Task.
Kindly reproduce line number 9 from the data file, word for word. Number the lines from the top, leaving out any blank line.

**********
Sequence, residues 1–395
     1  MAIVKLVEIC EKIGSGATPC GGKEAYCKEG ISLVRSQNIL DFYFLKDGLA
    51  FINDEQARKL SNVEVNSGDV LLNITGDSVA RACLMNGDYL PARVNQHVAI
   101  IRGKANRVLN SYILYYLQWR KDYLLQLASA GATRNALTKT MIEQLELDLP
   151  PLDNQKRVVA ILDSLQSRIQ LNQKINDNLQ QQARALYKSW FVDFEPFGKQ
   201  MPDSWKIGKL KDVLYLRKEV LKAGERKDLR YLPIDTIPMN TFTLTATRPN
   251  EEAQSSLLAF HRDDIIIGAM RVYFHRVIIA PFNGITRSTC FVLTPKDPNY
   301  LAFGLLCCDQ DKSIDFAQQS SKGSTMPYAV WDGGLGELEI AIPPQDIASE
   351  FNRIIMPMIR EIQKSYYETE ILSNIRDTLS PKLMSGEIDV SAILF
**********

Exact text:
   351  FNRIIMPMIR EIQKSYYETE ILSNIRDTLS PKLMSGEIDV SAILF